Now, topside weight is so critical the superstructures on all ships is aluminum which is 1/3 the weight of steel but also 1/3 the strength. We could not afford (weight wise) to armor anything above the main deck. Only some Spruance class Destroyers were able to take some added "Fragmentation Protection" of extra thick aluminum in specific places (read my chapter on Armor in my book).

    Additional black boxes and gee whiz gizmos brought the Perry Class Frigate up from 2700 tons to 3100 tons. We had to take over an entire fuel tank and fill it full of lead ingots. Additional reinforcement of the hull was needed and the waste drains raised a full foot so they would dump poo poo above water.

    Only the Battleships were big enough, broad enough, ballast compensable enough to add more armor topside. Even then it was called "Fragmentation Protection" to stop shrapnel from a near miss.

    Even for terrorists zipping along in a speed boat with a 12.7mm machinegun required me to design an armored dolly for the AVGAS fuel bladder for the RPV planes on the BB's.

    I was tasked to design armor for the ammo magazines of the Tarawa Class LHA's and the Spruance Class DD's. Being an ex tank crewman that loved the Mah Deuce .50 MG, I always tried to sneak in thick enough design to stop ball ammo from that kind of gun.

    But it can't be done easily, not without violating contractural agreements with the suppliers of the electrontonic doo-hickeys.

    See my chapter on "How do I get out of this C**S**t outfit?"

    1. NICO, if you quote a person or blog post/comment, please credit the source with a link or reference. I'd want that if someone quoted something of mine. Also, it's interesting and I'd like to look into this a bit deeper. Thanks.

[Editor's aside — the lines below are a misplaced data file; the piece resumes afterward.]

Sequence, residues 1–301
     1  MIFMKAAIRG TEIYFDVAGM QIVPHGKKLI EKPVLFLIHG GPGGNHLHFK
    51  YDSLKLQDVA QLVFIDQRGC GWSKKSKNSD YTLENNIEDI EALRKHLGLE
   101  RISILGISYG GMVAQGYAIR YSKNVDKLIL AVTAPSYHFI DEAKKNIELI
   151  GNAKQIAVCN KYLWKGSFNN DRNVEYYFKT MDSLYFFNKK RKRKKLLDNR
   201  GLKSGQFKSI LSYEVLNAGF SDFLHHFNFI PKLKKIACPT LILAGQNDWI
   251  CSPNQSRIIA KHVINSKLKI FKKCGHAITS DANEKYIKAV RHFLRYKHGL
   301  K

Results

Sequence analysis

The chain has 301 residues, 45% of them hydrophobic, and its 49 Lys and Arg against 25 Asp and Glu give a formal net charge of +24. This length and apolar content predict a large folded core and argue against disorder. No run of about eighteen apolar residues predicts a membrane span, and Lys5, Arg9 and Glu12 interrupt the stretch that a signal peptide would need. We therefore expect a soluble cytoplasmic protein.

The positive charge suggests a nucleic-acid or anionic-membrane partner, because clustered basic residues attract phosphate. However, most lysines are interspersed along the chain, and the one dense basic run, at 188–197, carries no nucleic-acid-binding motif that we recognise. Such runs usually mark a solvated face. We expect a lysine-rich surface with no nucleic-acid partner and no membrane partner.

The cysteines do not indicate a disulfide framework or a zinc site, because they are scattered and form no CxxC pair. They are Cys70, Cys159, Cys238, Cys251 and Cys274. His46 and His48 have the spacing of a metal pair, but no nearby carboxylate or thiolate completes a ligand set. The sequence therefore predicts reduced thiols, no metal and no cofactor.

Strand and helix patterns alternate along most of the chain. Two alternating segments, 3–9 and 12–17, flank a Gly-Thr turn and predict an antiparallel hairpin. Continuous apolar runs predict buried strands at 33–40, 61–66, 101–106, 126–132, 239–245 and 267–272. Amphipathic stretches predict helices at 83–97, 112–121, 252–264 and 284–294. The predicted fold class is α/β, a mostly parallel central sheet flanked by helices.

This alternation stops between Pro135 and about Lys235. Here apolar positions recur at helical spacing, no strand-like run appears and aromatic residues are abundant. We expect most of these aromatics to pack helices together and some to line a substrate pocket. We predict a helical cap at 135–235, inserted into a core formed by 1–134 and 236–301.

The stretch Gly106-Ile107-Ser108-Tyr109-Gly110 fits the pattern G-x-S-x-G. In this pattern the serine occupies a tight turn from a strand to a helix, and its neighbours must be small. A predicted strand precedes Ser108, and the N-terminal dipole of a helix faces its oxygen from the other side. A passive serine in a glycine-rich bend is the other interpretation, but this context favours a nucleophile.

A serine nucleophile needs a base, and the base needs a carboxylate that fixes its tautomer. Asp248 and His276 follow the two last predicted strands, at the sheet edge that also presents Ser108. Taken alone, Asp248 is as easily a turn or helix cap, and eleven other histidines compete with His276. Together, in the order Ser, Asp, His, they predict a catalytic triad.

7. Sorry about that, was in a hurry to get to work. I'll see if I can find the source and post it correctly. My bad.

    1. If you could also find out what book he was referring to, that would be great. Thanks.


  8. OK, this time I hope I do it right. The forum is called:
    " World Affairs Board": you can ask an expert for naval questions.

    The thread was: "Thread: why the elimination of armor in modern naval ships?" and it started in 2009. Haven't seen any recent additions to that thread.

    The gentleman that gave the most interesting answer was RustyBattleship. He is gravely ill and only has a few months left to live. He has a book due in the next few days on Amazon. I haven't found the title yet, have sent a request.

    I just signed up so I have no clue yet about the quality of the threads and how the debates go but so far, looks decent enough. Im so tired of the pissing matches and flame wars.

    1. "RustyBattleship"

      Dick Landgraff. It has been a while since I heard that man's name, it's a mighty shame to hear about his illness, however. But I digress.
      It doesn't really matter, but I can vouch for the man's expertise.
      He is one of those individuals whose raw experience in shipbuilding alone speaks enough volumes that full Engineers will toss out the book and defer to him when it comes to his field of expertise.
      He is effectively America's (and the world's) last living expert on the construction and maintenance of Battleships and Super-Capital ships, we will lose generations of hard earned knowledge and experience when he passes. I only hope we are capable of learning it all over again on the fly when we need it, although I am not optimistic on that front.

      - Ray D.

  9. MM-13B, found the book, it's on Amazon and you can download it. Looks interesting, the guy sounds like a living walking naval encyclopedia...